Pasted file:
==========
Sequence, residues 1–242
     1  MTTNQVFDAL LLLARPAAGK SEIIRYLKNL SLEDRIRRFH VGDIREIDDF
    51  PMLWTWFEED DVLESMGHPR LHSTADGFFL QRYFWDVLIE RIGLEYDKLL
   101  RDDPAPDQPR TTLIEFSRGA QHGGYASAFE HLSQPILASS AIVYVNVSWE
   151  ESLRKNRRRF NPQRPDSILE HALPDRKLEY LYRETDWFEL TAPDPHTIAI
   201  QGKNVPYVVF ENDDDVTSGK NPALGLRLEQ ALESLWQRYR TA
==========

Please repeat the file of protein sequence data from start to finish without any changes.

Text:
Sequence, residues 1–242
     1  MTTNQVFDAL LLLARPAAGK SEIIRYLKNL SLEDRIRRFH VGDIREIDDF
    51  PMLWTWFEED DVLESMGHPR LHSTADGFFL QRYFWDVLIE RIGLEYDKLL
   101  RDDPAPDQPR TTLIEFSRGA QHGGYASAFE HLSQPILASS AIVYVNVSWE
   151  ESLRKNRRRF NPQRPDSILE HALPDRKLEY LYRETDWFEL TAPDPHTIAI
   201  QGKNVPYVVF ENDDDVTSGK NPALGLRLEQ ALESLWQRYR TA